Which brings us to the point of preaching in the first place. Preaching is not about making points or covering all the facts in a given topic. It is about teaching people truth and connecting the Word of God with their lives. As Paul said to the Corinthians about their worship. . .

What is the outcome then, brethren? When you assemble, each one has a psalm, has a teaching, has a revelation, has a tongue, has an interpretation. Let all things be done for edification. – 1 Corinthians 14:26

The point of a song, a prayer or a sermon is to spiritually strengthen and build people up in the assembly. A speaker who goes too long will soon stop edifying anyone. How long is “too long”? It’s subjective. Ultimately, all of this is a judgment call. The preacher is to be sensitive to what God wants him to communicate as well as the needs and consideration of his audience.



Father and Son: Both Elders?

Father and Son: Both Elders? Bible Question.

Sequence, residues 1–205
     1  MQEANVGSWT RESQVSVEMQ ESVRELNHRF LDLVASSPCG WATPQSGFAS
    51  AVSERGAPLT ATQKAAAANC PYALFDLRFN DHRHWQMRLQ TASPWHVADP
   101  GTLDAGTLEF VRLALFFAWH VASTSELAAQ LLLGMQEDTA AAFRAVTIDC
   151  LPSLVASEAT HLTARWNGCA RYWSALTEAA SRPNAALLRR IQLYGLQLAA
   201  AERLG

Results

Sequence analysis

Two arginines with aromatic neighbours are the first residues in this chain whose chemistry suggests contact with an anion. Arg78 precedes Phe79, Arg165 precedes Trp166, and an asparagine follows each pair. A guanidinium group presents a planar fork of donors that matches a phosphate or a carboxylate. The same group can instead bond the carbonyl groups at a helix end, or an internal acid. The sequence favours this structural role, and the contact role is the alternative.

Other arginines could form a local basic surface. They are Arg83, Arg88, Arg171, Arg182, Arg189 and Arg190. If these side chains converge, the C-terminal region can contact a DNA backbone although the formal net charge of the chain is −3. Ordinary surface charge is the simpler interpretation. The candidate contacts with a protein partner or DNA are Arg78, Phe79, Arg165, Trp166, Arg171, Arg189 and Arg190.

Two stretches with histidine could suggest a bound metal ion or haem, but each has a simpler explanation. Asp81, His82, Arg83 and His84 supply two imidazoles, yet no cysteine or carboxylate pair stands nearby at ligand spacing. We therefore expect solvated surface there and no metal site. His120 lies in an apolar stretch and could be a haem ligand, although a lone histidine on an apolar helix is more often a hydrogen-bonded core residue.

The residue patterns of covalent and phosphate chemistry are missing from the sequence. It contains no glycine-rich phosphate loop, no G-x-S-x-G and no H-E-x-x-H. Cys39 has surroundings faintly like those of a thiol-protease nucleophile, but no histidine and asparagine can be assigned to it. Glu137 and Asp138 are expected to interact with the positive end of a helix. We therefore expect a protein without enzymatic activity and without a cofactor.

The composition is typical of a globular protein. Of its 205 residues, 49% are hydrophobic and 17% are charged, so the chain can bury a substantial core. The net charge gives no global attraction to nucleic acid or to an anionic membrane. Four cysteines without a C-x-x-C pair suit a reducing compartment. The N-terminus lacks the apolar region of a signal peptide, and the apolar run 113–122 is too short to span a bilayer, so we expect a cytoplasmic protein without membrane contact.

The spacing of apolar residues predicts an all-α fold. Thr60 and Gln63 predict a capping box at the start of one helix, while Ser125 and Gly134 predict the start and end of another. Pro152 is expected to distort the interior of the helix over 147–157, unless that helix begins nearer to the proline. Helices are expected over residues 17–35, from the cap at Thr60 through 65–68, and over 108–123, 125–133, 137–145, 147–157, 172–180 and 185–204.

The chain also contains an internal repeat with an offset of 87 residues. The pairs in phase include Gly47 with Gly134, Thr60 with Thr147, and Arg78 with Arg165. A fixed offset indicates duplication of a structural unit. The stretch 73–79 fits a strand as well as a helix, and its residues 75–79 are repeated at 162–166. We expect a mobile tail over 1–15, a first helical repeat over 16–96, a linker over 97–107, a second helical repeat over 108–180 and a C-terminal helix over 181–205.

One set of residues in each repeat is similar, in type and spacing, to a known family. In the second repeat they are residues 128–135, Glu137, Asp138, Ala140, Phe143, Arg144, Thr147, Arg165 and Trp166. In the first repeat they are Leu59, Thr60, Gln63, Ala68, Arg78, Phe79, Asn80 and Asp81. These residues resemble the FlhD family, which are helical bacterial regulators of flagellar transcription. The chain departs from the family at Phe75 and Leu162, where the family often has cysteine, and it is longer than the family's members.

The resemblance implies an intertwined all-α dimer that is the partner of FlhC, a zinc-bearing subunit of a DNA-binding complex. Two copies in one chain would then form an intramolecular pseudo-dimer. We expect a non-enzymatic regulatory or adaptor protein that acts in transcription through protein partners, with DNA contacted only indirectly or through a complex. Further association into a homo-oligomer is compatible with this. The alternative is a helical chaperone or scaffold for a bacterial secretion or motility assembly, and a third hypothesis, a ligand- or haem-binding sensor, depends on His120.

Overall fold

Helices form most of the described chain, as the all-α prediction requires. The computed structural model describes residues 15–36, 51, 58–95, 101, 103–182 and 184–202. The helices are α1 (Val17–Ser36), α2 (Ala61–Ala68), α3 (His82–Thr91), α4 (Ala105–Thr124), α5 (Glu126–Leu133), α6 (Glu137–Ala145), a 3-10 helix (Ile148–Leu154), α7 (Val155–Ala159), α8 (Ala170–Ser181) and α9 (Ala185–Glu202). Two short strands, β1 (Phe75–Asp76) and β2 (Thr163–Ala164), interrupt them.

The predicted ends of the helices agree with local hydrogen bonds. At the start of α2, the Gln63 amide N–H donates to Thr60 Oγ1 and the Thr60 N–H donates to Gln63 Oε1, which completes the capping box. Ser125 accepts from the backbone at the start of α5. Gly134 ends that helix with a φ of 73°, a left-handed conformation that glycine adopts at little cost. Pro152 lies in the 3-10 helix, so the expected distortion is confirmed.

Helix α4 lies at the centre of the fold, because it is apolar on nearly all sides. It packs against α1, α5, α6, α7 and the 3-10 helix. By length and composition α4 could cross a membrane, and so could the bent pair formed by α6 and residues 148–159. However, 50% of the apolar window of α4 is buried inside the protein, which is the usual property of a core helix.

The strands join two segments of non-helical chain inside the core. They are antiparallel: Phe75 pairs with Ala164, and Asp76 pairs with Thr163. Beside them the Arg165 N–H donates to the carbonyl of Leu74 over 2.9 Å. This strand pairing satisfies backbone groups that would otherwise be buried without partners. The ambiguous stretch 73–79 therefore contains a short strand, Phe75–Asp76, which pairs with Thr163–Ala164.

“Is it scriptural for a father and his son both to be elders in the same congregation at the same time?”


While the Scriptures give clear standards for the lifestyle of an elder (1 Timothy 3:1 – 7; Titus 1:5 – 9), there is little in Scripture to indicate the composition of the men who make up a church’s eldership. We are not told how many elders to have in a church, only that there should be more than one (Acts 14:23). We are not told if some are to be older and others younger, or all about the same age. We are not told if they are to be retired, or still pursuing a career. I believe God left out such details on purpose to allow congregations to have freedom to exercise their collective wisdom in these matters.

All of this means the Bible is silent on your question. That makes the decision about having family members serve together a decision based on human wisdom and opinion. The Scriptures do tell us that family members can serve in positions of leadership together . . .